THE TRANSNATIONAL MOBILIZATION OF ETHNIC CONFLICT:

KURDISH SEPARATISM IN GERMANY


Alynna J. Lyon
Department of Government and International Studies
University of South Carolina
Columbia, SC 29208
lyona@black.cla.sc.edu
Office: (803) 777-8180


Emek M. Uçarer
Department of Government and International Studies
University of South Carolina
Columbia, SC 29208
eucarer@vm.sc.edu
Office: (803) 777-1332

 
Paper prepared for presentation on the panel on "Stateless Ethnic Nations," at the March 1998 International Studies Association annual meeting, Minneapolis, Minnesota. Related papers and documents can be found through Discourse Links

Draft: Comments Most Welcome


Abstract

Ethnic nationalism can and often does have consequences for countries other than traditional homelands. A prime example of this is the Kurdish separatist movement which continues to be one of the most intriguing and potentially volatile cases of transnational ethnic nationalism. Kurdish people not only reside in Turkey, Iraq, Iran and Syria as citizens but also in western Europe where they live as resident aliens. Kurds arrived in Western Europe as guest workers in the 1960s and early 1970s and then as asylum seekers in the 1980s and 1990s.

 Recently, hunger strikes, protest marches and terrorist bombings have been much publicized manifestations of the increasingly mobilized separatist movements within Germany. These protests are being staged outside the traditional Kurdish homelands. Germany is now faced with considerable dilemmas concerning internal policy towards their Kurdish residents as well as tenuous external relations with the country from which they originated.
 
This project explores Kurds migration into Germany and how this recipient country has enabled their entry and responded to their presence. In addition, the paper explores the internationalization of these separatist movements as Germany and Turkey have become entangled in the political web of Kurdish nationalism. The mobilization of Kurdish ethnic nationalism in host societies, and the factors that make such mobilization possible in western liberal democracies are given specific focus.
 


 
"Alle Zeichen weisen darauf hin, dass der Terror, der bislang auf Kurdistan begrenzt war, nun auf die gesamte Türkei und auf Länder mit türkischen und kurdischen Migranten überschwappt."
(All signs point to the fact that the terror, which has heretofore been limited to Kurdistan, has now spread to all of Turkey and to those countries with Turkish and Kurdish migrants.)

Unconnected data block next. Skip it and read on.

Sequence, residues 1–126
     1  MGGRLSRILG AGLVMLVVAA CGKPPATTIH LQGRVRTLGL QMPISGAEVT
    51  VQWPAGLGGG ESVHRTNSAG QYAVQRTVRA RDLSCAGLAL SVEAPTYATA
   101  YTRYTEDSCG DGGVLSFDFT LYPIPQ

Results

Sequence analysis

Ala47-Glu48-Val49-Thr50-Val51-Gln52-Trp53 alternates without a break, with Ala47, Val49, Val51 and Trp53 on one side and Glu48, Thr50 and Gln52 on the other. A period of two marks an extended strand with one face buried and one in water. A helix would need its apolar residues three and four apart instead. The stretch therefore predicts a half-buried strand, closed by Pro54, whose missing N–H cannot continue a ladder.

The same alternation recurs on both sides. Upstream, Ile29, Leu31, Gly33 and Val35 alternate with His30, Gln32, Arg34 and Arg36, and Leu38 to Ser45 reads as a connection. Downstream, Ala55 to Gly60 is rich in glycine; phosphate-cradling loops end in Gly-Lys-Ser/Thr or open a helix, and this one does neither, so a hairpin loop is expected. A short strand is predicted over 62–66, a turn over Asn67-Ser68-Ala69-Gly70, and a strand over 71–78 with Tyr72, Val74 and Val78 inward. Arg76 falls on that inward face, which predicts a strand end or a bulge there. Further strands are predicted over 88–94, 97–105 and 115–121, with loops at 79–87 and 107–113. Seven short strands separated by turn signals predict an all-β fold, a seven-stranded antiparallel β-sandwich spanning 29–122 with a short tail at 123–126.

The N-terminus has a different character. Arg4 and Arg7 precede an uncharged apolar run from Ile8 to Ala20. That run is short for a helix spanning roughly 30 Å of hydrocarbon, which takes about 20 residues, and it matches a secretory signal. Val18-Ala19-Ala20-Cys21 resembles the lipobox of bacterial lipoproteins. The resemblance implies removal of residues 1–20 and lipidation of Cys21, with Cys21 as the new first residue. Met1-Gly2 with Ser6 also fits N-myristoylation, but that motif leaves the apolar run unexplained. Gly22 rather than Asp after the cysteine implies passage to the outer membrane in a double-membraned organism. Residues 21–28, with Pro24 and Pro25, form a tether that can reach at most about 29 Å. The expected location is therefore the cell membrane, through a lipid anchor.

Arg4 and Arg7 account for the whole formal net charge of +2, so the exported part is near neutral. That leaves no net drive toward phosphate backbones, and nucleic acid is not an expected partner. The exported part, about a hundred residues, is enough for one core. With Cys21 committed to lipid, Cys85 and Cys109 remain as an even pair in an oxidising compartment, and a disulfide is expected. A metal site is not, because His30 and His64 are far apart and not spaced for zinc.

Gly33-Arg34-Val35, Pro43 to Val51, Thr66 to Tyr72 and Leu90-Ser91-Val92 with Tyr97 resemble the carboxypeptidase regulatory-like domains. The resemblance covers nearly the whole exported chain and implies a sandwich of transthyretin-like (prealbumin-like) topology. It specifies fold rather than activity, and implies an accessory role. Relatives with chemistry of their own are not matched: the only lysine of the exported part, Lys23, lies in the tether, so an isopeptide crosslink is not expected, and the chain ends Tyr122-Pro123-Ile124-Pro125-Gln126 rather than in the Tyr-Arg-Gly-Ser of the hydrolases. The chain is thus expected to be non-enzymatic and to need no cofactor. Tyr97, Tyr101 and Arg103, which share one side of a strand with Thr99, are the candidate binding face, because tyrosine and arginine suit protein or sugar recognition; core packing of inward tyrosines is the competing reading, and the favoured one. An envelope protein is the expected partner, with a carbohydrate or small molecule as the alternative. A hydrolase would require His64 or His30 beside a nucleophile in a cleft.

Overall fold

Introduction

The rise in conflict between distinct communities of people in the 20th century, particularly over the last decade, has become one of the most volatile and contentious phenomena in contemporary international relations. World maps that illustrate by diverse color schemes, a world cleanly divided into nation-states with French people living in France and Russian people living in Russia are highly inaccurate of the reality of political identity and territory on an international scale. Many people do not identify with the state in which they reside and are expressing their dissent at this situation in the form of separatist nationalism. From 1989 to 1993, separatist movements – social movements whose goal is to obtain self-determination over territory and political systems – seemed to become more prevalent throughout the world. Currently, there is little indication that the tension between territorial boundaries and political identity is becoming less widespread. 

The Kurds are the largest stateless nation in the world today. Considerable research has been done on the Kurdish people and their relations with the states in which they live. Traditionally these inquiries have explored this ethnic group’s interaction with Iran, Iraq, Syria, Armenia, Azerbaijan and Turkey. However, few studies have been done on the diaspora relationships Kurds have established with states outside Kurdish homelands. The internal political situation of Turkey has become relevant for neighboring states. The movements’ struggle for statehood has moved into the countries of the European Union, with specific intensity in Germany. It is estimated that about 500,000 Kurds live within the borders of Germany and consider it to be their home. However, as they were once courted and gladly received with open arms by Germany’s industrial sector, they have recently worn out their welcome as their conflict and separatist movement has become internationalized and taken root on German soil. Germany, in many respects, is no longer able to control the flow of refugees coming from traditional Kurdish homelands. The German government is being pressured from Kurdish contention, especially from the radical Kurdish Workers’ Party (PKK).